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House price optimism on the up for 2013

1st January 2013 Print

More people expect house prices to rise than fall over the coming twelve months, according to the latest Halifax Housing Market Confidence tracker. Nearly four in ten (38%) respondents predict the average UK house price will rise over the next year, whilst less than a fifth of respondents (18%) forecast a decline in prices.

The headline House Price Outlook balance (i.e. the difference between the proportion of people that expect house prices to rise rather than fall) stood at +20 in December. This is the highest reading since the survey began in April 2011, surpassing the previous high of +19 in March 2012. Optimism has risen since the last survey in October when the House Price Outlook balance stood at +15.

Martin Ellis, housing economist at Halifax, commented: "Conditions in the housing market have been largely unchanged over the past 12 months with little overall movement in either house prices or sales for the second consecutive year. This remarkable stability, given the poor domestic and overseas economic climate, has probably been a key driver of the improvement in sentiment regarding the outlook for house prices over the coming year.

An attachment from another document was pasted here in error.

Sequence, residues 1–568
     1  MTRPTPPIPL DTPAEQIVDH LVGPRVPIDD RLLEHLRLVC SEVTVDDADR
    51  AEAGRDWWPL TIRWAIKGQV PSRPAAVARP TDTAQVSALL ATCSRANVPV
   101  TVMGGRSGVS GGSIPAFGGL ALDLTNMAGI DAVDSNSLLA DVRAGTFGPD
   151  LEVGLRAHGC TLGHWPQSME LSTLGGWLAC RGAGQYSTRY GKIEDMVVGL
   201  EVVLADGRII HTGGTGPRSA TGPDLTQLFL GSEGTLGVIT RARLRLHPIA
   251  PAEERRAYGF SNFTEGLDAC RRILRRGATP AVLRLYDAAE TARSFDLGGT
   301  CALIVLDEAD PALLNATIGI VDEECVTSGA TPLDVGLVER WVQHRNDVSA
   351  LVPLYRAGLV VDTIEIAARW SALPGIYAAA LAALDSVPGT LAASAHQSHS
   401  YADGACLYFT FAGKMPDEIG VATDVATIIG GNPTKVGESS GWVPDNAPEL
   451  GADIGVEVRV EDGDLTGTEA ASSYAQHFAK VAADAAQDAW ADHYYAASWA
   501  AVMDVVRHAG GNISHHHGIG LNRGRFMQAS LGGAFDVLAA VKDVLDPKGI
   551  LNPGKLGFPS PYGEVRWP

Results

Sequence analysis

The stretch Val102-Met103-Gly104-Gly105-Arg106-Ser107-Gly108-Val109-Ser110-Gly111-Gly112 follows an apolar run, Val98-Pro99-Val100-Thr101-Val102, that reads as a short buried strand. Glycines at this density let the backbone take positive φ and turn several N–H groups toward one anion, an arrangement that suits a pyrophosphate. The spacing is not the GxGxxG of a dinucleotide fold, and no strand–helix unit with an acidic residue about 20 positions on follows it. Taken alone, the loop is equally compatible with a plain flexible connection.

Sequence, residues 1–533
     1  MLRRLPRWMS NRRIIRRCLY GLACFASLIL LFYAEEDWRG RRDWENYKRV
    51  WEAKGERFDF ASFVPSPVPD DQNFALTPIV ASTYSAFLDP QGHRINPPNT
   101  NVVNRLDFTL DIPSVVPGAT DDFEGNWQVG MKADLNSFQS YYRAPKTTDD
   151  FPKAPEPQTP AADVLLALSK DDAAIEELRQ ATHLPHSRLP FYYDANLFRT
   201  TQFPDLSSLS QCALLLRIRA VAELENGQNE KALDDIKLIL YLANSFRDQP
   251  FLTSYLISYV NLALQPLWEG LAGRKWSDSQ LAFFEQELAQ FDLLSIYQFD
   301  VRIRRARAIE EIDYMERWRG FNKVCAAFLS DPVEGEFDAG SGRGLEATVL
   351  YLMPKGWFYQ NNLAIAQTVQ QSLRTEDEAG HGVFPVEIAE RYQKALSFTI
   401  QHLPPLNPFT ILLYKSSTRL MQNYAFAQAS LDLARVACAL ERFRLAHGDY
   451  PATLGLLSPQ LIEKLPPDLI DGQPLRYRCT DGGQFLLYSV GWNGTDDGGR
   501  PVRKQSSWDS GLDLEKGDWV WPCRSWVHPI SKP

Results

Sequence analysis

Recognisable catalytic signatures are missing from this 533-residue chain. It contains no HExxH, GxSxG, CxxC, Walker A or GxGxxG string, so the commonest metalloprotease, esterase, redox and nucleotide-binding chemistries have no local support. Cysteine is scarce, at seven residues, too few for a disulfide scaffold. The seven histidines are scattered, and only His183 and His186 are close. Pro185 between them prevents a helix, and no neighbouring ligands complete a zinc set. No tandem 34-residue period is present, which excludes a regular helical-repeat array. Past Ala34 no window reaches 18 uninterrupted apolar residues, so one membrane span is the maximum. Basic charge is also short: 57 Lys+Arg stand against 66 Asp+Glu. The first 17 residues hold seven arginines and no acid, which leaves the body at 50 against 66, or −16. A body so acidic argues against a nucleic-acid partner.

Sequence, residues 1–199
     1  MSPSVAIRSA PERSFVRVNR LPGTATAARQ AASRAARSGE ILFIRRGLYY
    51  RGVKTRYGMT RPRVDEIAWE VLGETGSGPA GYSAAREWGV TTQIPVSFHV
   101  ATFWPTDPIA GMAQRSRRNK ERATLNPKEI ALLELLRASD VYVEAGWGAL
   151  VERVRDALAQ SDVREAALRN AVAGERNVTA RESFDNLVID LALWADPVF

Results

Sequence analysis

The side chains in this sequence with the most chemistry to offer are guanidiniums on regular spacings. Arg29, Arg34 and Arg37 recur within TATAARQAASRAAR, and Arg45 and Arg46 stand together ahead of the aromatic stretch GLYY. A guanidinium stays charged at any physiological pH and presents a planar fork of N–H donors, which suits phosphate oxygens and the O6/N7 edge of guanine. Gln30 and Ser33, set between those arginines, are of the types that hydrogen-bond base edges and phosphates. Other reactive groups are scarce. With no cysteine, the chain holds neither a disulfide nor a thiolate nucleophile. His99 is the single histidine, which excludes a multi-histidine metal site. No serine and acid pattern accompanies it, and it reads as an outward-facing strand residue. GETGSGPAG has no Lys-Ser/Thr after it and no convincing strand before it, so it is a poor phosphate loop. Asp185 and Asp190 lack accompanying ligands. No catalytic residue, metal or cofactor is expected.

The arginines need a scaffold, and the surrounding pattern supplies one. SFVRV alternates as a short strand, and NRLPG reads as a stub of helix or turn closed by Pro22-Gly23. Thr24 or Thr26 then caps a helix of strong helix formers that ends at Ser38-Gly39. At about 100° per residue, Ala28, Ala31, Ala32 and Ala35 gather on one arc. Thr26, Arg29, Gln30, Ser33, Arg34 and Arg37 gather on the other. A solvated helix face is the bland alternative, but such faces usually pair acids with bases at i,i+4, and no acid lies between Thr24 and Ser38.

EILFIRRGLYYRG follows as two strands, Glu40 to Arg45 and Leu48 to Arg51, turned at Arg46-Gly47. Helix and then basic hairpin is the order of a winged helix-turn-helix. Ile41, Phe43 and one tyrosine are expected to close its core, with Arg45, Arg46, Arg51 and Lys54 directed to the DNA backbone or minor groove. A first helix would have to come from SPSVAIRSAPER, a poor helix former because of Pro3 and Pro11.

"Ongoing concerns over job security and the challenges in raising a deposit are likely to constrain housing demand and activity next year. Accordingly, we expect continuing broad stability in house prices nationally in 2013."

Sentiment over buying and selling points to continuing subdued activity

More than half the respondents (53%) think it will be a good time to buy in the next 12 months. This is nearly four times the proportion feeling it will be a good time to sell (13%). Fewer than one in ten (9%) think it will be a good time to both buy and sell over the coming months, suggesting the level of housing market activity is likely to remain subdued in 2013.

Concerns over job security and raising a deposit are main obstacles to purchase

More than half the respondents highlighted concerns about job security (58%) and the challenges in raising a deposit (55%) as the main barriers to buying a home. The proportion highlighting concerns about job security is 7 percentage points higher than in October (51%). There has been a slight decline in respondents identifying the general availability of mortgages as a major hurdle to home buying from 31% in October to 29%.